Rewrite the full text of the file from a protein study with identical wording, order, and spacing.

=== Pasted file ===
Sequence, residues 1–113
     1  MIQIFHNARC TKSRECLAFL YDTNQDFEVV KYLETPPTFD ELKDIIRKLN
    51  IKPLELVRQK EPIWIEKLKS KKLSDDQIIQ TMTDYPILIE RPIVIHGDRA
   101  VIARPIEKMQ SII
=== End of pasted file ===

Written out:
Sequence, residues 1–113
     1  MIQIFHNARC TKSRECLAFL YDTNQDFEVV KYLETPPTFD ELKDIIRKLN
    51  IKPLELVRQK EPIWIEKLKS KKLSDDQIIQ TMTDYPILIE RPIVIHGDRA
   101  VIARPIEKMQ SII